Cyberspace College: N.Y. college takes courses to Second Life

Hilary Smith

In real life, Larry Dugan is a well-dressed computer science professor at Finger Lakes Community College. On "Finger Lakes Island" — a virtual island that exists online in the Second Life Internet universe — Dugan sports bleach-blond hair, jeans and a Hawaiian shirt.

Dugan's online character will be just one of many "avatars" populating Finger Lakes Island this semester, as students in Dugan's CSC-102 class, Tools for Internet Users, conduct their entire course — lectures, discussion sections, projects — in a virtual universe, online.

Classes held on the island are not like your average online courses, where students seldom interact with one another or their professor. In Second Life, students actually walk around as digital characters and can explore the space "on foot," having face-to-face conversations with each other's avatars. Avatars communicate by typing or by voice. They can post their projects on "prims," or canvases, for other users to see, and they can build new features or furnishings onto the island.

Second Life, launched in 2003 by the San Francisco-based Linden Lab, combines the interactive aspects of video games like World of Warcraft with the social interaction of sites such as Facebook and MySpace.

"What's different about Second Life is it isn't like going to a traditional lecture," said Dugan. "It encourages students to participate in their learning."

Though Second Life has been used successfully in both online and traditional classes, Dugan said that "the greatest benefits are for online students."

"Online learning can be lonely. One of the things that we're seeing is that when you're talking to an avatar, you can actually sense their presence," he said.

To join Second Life, students don't need to pay a fee but must download free user software. Owning "virtual land" like Finger Lakes Island costs $9.95 per month.

Buildings on Finger Lakes Island clone their brick-and-mortar twins on the Hopewell campus, right down to a virtual Constellation Brands- Marvin Sands Performing Arts Center, where online musical and theatrical events might take place in the future.

There are also virtual offices, galleries for displaying student projects, an amphitheater-like lecture area and mixing studios for music-recording students. Matching the virtual to the physical buildings gives the online students "a feeling of presence and connectivity to the college," said Dugan.

Dugan built the island himself and began experimenting with the online universe last fall. FLCC game-programming students tried it out this spring, and Dugan's students will use it this fall.

"The next step will be getting past the beta, or test, stage and putting Second Life into more mainstream classes," said Dugan, who will make a presentation about the Island to the entire teaching faculty before the semester starts.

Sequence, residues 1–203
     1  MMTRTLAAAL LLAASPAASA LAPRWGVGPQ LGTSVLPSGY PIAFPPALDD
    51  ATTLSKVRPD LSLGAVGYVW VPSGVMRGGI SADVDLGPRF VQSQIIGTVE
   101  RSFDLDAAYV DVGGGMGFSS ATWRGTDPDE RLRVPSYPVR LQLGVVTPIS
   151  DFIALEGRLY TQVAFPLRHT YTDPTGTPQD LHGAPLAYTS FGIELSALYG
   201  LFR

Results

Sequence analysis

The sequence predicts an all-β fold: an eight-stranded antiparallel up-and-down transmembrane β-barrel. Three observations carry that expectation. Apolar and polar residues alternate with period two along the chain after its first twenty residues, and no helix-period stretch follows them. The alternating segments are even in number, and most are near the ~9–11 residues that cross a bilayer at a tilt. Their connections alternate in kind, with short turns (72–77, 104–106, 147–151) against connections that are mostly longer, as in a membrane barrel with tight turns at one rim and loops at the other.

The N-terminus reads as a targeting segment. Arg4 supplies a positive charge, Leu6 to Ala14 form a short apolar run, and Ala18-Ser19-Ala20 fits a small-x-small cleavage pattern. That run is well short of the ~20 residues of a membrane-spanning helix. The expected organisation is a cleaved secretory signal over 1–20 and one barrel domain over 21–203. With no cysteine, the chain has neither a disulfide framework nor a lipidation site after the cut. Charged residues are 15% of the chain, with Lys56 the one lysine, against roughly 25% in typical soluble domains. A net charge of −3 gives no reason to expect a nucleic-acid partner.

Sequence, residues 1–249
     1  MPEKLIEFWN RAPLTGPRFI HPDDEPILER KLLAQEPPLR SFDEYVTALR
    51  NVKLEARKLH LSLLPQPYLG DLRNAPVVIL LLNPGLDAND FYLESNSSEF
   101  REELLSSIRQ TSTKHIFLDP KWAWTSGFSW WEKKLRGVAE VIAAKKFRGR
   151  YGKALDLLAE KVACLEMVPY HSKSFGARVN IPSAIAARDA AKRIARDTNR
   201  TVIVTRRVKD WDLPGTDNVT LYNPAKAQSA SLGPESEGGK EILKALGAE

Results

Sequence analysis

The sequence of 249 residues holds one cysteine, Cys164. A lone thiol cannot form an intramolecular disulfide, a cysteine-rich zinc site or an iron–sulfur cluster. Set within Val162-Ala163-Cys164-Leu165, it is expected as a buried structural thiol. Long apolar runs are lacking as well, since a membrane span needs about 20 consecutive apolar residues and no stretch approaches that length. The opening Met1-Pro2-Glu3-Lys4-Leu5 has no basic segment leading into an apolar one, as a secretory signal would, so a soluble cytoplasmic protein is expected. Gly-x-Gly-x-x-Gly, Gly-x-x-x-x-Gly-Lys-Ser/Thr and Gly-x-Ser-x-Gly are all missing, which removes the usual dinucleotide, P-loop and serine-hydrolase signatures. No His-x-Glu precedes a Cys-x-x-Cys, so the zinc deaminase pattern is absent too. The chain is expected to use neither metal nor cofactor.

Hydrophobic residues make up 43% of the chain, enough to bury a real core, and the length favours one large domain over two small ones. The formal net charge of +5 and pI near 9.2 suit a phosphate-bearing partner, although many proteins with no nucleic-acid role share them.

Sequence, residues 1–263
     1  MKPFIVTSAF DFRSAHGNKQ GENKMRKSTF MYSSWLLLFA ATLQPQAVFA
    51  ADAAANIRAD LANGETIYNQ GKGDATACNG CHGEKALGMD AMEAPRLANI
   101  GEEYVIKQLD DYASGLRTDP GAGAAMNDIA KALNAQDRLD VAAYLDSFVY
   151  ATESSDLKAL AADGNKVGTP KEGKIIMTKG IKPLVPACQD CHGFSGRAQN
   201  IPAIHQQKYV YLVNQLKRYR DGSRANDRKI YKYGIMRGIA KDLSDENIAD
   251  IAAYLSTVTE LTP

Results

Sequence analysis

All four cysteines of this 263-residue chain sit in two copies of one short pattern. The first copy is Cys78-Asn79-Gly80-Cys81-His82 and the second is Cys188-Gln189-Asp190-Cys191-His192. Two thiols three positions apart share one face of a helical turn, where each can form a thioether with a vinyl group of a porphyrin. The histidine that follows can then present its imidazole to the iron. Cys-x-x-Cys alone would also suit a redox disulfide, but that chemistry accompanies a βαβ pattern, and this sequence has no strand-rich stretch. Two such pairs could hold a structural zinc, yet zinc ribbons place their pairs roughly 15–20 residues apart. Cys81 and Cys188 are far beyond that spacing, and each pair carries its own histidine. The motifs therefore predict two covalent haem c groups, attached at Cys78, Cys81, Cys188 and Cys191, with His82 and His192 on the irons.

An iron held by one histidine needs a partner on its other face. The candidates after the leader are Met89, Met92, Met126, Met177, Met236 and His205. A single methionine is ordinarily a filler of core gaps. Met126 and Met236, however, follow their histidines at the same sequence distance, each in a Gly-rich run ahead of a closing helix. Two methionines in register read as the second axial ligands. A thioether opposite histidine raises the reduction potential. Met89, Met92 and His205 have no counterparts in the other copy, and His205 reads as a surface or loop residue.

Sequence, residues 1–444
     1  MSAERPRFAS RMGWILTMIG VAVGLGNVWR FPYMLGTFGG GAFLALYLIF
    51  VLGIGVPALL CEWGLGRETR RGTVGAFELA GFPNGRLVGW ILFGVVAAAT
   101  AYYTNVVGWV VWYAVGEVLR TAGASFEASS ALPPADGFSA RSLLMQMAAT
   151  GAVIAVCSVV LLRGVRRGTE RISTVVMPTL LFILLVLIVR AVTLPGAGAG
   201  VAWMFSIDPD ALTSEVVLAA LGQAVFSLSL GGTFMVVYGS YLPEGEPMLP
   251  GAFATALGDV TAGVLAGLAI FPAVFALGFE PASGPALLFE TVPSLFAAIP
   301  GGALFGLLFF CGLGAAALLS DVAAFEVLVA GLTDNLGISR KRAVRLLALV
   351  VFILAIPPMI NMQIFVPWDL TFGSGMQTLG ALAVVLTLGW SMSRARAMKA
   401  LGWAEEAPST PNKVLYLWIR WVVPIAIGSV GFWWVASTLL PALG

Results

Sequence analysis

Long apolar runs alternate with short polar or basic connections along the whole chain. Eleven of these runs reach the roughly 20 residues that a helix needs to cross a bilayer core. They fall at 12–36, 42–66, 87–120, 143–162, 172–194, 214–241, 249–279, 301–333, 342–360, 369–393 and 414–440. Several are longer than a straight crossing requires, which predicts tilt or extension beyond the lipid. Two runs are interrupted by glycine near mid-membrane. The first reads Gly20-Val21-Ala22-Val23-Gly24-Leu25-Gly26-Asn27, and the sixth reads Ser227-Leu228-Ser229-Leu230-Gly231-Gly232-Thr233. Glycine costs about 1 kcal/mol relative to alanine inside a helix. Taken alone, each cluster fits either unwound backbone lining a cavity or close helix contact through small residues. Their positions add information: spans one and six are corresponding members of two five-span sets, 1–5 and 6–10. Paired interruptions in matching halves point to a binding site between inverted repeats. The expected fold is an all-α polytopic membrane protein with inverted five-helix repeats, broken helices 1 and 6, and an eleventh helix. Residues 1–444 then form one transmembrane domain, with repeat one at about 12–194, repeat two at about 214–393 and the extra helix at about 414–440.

One of Dugan's online colleagues, Ball State University Professor Sarah Robbins, has used Second Life to conduct sociological experiments. She once sent her students out into the virtual world disguised as obese people, for example. The students socialized in different places around the Second Life world, then returned to report their experiences. For many, it was their first such walk in someone else's shoes.

"It really changes the way we teach. Second Life allows us to collaborate with students," said Robbins.

Other colleges have used Second Life for recruitment purposes, offering tours of virtual campuses that match their physical counterparts down to the smallest detail.

More than 300 colleges are now in the system. Though other online universes exist, Dugan prefers Second Life because it has the largest membership: about 9 million users.

Second Life is not without its downfalls. Its "highly technical and resource-heavy" software crashes from time to time, and access is blocked every Wednesday morning while Linden Lab installs updates, Dugan said.

Further, only certain computers can handle the Second Life software, which makes it difficult to use the program in school computer labs. There are no moves to make Second Life more accessible; instead, users just count on prices coming down for those higher-end computers, said Robbins.

Dugan sees Second Life, and online teaching in general, as the way of the future for college and even K-12 students. But will it ever replace tried-and-true book learning and lectures?

"Clearly not," he said. But as his own survey of "a local school district" revealed that 97 percent of students have a computer at home and 78 percent have high-speed Internet access, he believes that teachers need to "incorporate some of the students' world — including Second Life, blogs and podcasts — into their classes."

Hilary Smith can be reached at (585) 394-0770, Ext. 343, or at